The review written by Joan Morgan, the director of the Center for Black Visual Culture at NYU, who is also a black feminist scholar, is an intricately academic and emotionally trenchant antithesis to white Feminism, so to speak, by the women, of the privileged, for the white. Morgan’s review itself has no regard for a general reader in mind with her magnificently intellectual syntax and abstruse syllogism, which makes on a par with the hypocritical white feminists she and her league of feminists criticize. Feminism, in its unalloyed sense of justice and the most original idea of essence, should belong neither to ideology politics nor to academy subjects that cater to a specific group of demographic populations. Thus non-white (the adjectives I am so hesitant to use because of its coarse way of describing a person) women should not feel betrayed because many white women who professed themselves to be feminists voted for blocking the Texas law that bans abortions after six weeks of pregnancy. The stance of pro-choice is not a proverbial character of white conservative Christian women because, as a matter of fact, Hispanics, African-Americans are more religiously and culturally more conservative than their counterparts. I am not here to debate my stance on abortion, but historically, the procedure has been motivated and campaigned by the eugenic inclination to curb a particular “undesirable” population, no matter how intelligently the proponents of abortion would try to persuade you. That said, wouldn’t it odd to even contemplate the recent Texas case as a manifest token of White Feminism v. Non-white Feminism?

Perhaps it’s an American thing that inherently discombobulates a simple truth. Outside the States, sisterhood among the members of Female Species is comparatively felt and celebrated, albeit without a total transcendence of racial and cultural discrimination, which you can’t eradicate in this world. But America is New World, and it still lacks a coherent force that unifies peoples. That is why Feminism, which should be only one with capital “F,” has so many subsidiaries, resulting in Morgan’s review of the book by another feminist (a Rutgers University professor who happens to be a white woman). Such is my true feeling about my reading of the review, but it should not be yours.

Posted in Miscellany

Toro is back

St. Frances de Sales’s advice, “Have patience with all things but first with yourself.” is no more so than with the three weeks’ heartbreaking ordeal to win back my cat Toro’s trust in me. His traumatic visit to the veterinarian now seems to dissipate across the feline Elysium slowly, or so I want to think. He is not hiding under the bed in my presence, becoming a sweet writing company on my desk once more.

I have recently watched a YouTube that goes viral about an unlikely friendship between a stray cat and a young woman, which makes me think of my relationship with Toro and what it means to build trust between two lives. The woman found a stray tabby cat around her house and began to acquaint him with food. She named him “Tiger,” not least due to his perspicacious tiger stripes and adorable feistiness, giving him a distinct personality and charms that were all the more endearing to the sensitive woman who was also in need of company in her solitude.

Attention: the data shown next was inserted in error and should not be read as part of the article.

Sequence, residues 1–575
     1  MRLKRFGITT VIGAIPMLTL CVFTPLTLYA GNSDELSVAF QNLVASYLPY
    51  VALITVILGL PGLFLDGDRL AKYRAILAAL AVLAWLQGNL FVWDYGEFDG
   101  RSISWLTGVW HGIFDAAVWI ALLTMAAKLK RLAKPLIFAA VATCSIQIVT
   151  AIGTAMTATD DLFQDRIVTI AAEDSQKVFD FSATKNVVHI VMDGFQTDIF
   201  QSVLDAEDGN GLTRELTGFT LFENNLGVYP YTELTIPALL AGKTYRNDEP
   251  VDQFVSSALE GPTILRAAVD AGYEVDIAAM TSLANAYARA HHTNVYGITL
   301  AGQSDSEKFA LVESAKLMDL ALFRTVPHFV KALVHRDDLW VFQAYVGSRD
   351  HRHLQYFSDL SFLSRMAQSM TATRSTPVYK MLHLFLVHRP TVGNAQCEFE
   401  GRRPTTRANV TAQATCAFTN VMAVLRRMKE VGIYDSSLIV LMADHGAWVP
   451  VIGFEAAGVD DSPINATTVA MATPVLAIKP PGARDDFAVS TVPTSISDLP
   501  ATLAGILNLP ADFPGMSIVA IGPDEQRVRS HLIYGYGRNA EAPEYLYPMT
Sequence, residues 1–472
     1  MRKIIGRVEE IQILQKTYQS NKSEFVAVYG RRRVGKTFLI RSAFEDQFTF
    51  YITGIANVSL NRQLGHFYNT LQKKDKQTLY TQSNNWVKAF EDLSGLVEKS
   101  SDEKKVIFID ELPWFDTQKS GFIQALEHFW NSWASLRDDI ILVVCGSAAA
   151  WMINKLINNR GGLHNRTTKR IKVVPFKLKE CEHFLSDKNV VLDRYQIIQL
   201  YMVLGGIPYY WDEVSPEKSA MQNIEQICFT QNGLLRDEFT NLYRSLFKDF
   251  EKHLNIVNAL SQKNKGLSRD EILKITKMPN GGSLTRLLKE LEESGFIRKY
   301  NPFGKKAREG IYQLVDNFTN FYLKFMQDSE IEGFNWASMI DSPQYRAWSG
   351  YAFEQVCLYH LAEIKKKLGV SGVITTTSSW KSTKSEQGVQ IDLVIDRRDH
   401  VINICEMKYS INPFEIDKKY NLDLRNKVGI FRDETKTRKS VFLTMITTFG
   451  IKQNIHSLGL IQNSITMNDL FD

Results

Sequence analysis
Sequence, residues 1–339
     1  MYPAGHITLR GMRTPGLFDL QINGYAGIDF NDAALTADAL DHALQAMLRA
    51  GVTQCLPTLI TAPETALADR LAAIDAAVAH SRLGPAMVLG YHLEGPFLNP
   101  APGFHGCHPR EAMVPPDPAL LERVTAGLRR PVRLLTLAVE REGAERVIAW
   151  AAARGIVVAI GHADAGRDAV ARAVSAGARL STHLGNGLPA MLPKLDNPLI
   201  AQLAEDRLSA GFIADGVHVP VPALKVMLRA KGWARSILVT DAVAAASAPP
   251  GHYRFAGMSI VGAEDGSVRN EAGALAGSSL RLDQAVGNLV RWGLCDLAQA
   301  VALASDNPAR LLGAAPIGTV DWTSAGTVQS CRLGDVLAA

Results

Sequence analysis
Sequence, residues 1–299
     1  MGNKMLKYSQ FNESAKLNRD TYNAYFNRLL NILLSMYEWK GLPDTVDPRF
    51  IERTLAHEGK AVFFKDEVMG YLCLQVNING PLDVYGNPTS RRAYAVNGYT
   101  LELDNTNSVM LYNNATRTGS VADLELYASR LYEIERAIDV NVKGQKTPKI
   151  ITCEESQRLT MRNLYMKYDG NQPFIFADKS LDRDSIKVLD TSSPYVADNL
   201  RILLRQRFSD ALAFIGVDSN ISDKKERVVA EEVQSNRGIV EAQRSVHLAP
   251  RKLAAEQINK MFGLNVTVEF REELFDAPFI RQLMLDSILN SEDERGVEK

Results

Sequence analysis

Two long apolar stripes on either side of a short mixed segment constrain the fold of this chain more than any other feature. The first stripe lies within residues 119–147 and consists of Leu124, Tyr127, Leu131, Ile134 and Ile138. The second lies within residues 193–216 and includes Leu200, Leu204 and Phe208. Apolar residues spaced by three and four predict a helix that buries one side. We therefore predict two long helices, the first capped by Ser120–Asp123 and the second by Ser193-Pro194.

Thenceforth, they became complementary to each other for consolation, security, and most of all, love. Tiger is still his feisty self, and the woman is still trying to adjust herself to his whims and caprice. Still, they feel comfortable in their presence and love. The tears welled in the windows of her soul when she said that building trust between two took time and patience. You can’t make someone love you arbitrarily by force. You don’t need a love spell or magic potion to enslave someone into your desire of possessing the body and mind, as the ancient Greeks and Romans used to. Without Psyche, Eros would not/could not have culminated in perfecting the art of love as a primordial god of Love.

Toro is in some way like Tiger: his name means a little tiger in Japanese with his distinctive stripes, and M signature proudly marked on his little forehead. Although not as feisty as Tiger, Toro has a remarkable personality of adventurousness, curiosity, playfulness, and resilience, all affectionately wrapped in his good nature. But I don’t take for granted that wonderful Toro is my cat, and therefore, I deserve his trust and love. Animals, especially pets, also have hearts that pump up the blood and feel the feelings. I regard them as friends, companions to enrich our existential human lives with a touch of sentimentality that we hardly express when we are among our species in fear of being regarded as a sign of weakness. And I am always thrilled to feel his little heart at my feet as a friend.